Joseph Chadzuka

When the mangos at the Farm House ripened (actually long before they ripened) Farm Kids climbed the trees, shook them, and did whatever it took to get those mangos into their hands. Joseph, son of Frank, the Supplies Manager of the AU Farm, enjoys a mango.



Chris Hope
Ab Abercrombie
GR Davis
Joy Lee Saungweme
Robert Saungweme

Robert is the Crops Supervisor at the AU Farm where he has been employed in various capacities for nearly 20 years. His wife is doing her internship in Mutare Provential Hospital as a Medical Laboratory Technician. The Saungweme family is featured in the 2009 book by Abercrombie, Davis, Ferguson and Hope entitled Africa University: Thy Wonders Displayed.



David Kaisi

David's mother is an "auntie" in one of the houses at the Fairfield Childrens Home, the orphanage associated with the Old Mutare Mission. David grew up in Old Mutare and graduated from Hartzell High School. He showed GR and Ed to the Pioneer Cemetery which is now surrounded by resettlement lands. David can show you the trail that leads to the top of Mount Chiremba.

GR noticed that David's hat promotes Hope Mills Carmaster. It just so happens that GR and Tia grew up about 10 miles from Hope Mills in North Carolina! The connections between the Carolinas and Old Mutare are quite strong. The building that houses the Faculty of Theology on the AU campus was purchased with funds donated by the South Carolina Conference of the United Methodist Church.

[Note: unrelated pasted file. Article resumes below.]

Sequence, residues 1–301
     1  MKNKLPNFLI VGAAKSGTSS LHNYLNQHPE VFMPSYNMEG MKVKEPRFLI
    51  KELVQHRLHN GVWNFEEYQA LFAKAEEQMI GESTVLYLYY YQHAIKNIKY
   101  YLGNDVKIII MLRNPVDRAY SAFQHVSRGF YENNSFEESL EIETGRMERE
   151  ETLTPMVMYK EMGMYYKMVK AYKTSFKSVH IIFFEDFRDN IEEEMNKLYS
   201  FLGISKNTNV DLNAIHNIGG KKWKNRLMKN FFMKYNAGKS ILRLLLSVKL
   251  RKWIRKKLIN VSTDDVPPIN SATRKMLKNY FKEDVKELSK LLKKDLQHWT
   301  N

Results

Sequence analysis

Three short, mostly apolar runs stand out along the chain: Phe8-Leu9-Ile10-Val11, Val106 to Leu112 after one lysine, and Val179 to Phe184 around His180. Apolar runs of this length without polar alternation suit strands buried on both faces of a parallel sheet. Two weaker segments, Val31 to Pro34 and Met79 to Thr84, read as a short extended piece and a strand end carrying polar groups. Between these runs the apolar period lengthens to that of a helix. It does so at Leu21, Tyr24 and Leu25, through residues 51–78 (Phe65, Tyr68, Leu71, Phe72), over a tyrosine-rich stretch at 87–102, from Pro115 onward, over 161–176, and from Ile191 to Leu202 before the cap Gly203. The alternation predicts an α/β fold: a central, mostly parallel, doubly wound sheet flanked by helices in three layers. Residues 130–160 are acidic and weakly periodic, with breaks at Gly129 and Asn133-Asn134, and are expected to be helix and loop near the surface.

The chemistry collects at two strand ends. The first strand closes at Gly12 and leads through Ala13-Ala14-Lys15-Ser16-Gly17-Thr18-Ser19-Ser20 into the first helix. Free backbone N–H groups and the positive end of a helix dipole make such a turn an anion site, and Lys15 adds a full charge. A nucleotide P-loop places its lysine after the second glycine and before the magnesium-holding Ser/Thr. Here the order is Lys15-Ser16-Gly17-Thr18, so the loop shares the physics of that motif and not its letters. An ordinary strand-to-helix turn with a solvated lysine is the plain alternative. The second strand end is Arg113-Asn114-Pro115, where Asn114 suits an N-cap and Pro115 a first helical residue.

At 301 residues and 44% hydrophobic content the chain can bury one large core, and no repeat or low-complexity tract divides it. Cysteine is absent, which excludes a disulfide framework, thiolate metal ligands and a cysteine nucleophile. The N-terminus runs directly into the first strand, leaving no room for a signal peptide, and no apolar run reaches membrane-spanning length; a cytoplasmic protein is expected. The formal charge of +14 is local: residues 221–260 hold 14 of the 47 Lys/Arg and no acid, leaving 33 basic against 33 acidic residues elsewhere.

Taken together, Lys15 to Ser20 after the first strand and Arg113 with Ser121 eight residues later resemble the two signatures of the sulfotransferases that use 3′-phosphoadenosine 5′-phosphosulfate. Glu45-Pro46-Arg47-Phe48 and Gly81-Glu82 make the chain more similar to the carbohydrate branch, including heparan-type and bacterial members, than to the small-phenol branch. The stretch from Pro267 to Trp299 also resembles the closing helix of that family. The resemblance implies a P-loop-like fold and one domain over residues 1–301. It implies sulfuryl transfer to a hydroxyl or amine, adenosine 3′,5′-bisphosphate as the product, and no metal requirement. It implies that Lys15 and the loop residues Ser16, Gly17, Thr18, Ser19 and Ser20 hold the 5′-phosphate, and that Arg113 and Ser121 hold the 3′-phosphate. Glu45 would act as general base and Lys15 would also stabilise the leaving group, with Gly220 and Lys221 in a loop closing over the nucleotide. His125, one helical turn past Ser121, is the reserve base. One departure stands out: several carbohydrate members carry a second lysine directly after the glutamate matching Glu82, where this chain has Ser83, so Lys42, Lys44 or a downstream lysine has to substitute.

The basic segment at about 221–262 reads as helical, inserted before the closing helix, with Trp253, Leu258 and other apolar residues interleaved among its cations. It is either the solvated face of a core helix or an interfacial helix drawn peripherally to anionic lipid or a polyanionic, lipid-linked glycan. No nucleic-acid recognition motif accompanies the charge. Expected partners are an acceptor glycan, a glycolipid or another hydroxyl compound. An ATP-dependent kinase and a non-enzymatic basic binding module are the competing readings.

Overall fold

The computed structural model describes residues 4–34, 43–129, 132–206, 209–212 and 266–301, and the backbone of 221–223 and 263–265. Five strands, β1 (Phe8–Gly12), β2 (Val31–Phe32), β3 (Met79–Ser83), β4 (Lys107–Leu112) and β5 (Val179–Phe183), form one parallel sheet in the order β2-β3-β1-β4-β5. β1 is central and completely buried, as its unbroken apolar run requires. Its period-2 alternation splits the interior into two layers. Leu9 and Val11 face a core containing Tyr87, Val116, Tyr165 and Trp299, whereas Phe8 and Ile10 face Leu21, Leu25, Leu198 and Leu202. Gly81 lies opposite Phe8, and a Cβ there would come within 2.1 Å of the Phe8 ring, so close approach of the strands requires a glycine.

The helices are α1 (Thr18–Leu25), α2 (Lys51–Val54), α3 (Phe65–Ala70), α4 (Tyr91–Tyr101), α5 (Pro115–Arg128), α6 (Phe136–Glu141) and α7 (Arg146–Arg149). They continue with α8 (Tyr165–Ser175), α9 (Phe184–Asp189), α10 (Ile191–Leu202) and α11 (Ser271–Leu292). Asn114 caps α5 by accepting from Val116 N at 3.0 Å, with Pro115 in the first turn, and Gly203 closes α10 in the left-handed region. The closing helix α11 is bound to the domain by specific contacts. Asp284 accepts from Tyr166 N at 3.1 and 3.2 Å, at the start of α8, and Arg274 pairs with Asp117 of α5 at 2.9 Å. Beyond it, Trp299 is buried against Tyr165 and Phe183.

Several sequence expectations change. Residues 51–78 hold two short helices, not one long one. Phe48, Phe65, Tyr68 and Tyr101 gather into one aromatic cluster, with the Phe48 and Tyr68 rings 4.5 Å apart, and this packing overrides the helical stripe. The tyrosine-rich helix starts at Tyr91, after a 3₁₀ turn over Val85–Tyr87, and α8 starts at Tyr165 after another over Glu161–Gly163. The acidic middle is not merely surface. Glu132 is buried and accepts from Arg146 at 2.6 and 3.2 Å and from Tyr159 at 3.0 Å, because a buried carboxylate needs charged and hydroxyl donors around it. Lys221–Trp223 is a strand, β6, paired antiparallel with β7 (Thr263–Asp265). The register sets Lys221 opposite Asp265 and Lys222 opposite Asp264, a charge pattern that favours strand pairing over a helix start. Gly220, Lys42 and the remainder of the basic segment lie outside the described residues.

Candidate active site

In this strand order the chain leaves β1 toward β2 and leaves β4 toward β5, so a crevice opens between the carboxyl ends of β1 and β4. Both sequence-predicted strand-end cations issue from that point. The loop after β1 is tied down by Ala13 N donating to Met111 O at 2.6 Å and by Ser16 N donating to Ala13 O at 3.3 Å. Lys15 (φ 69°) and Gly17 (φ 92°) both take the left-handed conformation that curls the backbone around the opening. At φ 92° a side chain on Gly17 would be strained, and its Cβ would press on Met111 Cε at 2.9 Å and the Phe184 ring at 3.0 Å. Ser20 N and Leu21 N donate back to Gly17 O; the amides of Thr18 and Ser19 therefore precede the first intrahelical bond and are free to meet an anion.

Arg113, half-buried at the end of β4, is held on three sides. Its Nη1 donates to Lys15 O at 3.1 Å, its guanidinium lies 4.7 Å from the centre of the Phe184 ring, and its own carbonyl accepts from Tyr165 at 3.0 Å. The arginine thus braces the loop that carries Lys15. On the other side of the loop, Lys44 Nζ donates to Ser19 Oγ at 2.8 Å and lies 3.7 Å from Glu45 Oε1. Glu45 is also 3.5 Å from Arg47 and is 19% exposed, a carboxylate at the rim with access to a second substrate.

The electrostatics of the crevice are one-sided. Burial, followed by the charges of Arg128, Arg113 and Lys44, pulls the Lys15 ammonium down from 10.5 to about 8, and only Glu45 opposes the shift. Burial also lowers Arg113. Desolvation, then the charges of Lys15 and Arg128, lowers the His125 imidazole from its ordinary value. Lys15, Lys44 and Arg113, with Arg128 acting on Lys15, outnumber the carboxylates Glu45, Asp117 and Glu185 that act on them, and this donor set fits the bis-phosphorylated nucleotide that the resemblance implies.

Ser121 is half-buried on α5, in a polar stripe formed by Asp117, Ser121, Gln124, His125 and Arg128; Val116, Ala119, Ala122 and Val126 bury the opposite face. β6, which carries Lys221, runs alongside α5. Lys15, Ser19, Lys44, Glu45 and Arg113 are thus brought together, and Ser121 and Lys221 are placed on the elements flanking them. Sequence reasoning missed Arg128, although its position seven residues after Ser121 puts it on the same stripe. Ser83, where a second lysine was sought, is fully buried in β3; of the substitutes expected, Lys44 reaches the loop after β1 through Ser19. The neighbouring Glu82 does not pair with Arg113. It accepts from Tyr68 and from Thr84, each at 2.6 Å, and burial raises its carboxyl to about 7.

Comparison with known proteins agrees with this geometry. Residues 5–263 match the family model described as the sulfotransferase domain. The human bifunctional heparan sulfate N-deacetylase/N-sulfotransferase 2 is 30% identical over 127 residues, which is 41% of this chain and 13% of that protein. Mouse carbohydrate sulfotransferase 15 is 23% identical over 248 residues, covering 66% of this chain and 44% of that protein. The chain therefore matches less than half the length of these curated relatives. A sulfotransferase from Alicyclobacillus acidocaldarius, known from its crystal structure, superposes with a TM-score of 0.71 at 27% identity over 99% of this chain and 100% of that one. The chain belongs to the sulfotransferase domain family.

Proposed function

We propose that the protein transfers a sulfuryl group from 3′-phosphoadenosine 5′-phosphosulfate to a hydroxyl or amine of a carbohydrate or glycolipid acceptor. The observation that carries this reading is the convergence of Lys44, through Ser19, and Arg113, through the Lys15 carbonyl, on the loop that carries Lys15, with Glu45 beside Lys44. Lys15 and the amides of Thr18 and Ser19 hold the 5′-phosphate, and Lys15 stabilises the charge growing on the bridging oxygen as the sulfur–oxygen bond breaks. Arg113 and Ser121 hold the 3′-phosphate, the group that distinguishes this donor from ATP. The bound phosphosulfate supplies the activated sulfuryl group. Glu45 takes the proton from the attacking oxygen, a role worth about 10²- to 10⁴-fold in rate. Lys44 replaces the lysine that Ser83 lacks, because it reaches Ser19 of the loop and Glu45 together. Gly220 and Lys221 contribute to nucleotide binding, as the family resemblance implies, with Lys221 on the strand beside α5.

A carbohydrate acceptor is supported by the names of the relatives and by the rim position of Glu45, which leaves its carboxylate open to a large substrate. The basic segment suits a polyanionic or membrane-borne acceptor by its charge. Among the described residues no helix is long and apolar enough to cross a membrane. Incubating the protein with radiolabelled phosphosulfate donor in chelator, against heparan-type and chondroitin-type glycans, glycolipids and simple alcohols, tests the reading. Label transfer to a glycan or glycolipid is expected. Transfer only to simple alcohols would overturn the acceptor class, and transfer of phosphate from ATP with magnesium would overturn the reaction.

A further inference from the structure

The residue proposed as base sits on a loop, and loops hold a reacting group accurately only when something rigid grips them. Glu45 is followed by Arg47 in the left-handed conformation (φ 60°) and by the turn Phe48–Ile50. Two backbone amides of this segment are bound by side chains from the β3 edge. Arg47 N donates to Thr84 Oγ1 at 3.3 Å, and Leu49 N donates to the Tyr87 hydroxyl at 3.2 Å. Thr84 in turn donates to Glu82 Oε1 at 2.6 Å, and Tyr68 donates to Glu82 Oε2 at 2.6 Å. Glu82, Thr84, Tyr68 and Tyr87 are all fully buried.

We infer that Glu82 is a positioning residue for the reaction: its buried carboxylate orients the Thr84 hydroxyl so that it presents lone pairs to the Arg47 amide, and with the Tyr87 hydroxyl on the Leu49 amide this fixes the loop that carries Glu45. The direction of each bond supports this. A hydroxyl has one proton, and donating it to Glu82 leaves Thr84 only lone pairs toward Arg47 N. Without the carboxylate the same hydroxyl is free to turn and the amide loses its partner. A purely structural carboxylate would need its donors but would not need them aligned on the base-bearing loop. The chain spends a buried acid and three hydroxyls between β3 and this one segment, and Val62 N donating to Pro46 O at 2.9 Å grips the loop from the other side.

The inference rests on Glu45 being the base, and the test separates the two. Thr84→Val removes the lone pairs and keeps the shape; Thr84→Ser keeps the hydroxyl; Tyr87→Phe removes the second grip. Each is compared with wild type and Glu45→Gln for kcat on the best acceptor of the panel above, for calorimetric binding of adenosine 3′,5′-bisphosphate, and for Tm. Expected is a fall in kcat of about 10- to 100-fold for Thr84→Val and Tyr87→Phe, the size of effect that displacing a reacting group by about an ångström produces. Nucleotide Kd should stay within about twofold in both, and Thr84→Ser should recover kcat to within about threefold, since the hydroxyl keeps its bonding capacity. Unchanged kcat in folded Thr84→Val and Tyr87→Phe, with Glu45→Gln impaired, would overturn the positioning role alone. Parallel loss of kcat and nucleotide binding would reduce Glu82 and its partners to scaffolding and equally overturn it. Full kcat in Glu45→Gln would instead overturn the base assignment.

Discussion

Adrian and Webster Katsidzira

Webster is the retired treasurer of the Mutare Mission. His daughter Nyasha makes colorful tapestries for sale to raise funds that she hopes will allow her to attend Fashion Design school in South Africa. Nyasha's son Adrian accompanied his grandfather to deliver a parcel of tapestries for GR to deliver to the US.



First Year Nursing Students

came by after their final exam to visit with Dr. Davis and bid him a fond farewell.

Left to right: Happiness, Lindani, Soloman, Augusta, Shelter, GR, John, Catherine, Perpetua, Barbra, and Millica.

See the bios and portraits of each nursing student.



Moabi Marambo


GR and Phillip took a chicken bus from Mutare to Victoria Falls (660 miles) over the Easter Holiday for a look at "the Smoke that Thunders." We then went across the border to Botswana for an overnight safari.

Moabi got us really close to a lion, many elephants, and lots of birds. He's the Director of Steenbok Safari in Kasane, Botswana who does a great job of arranging safaris in Chobe National Park.



More photos by GR Davis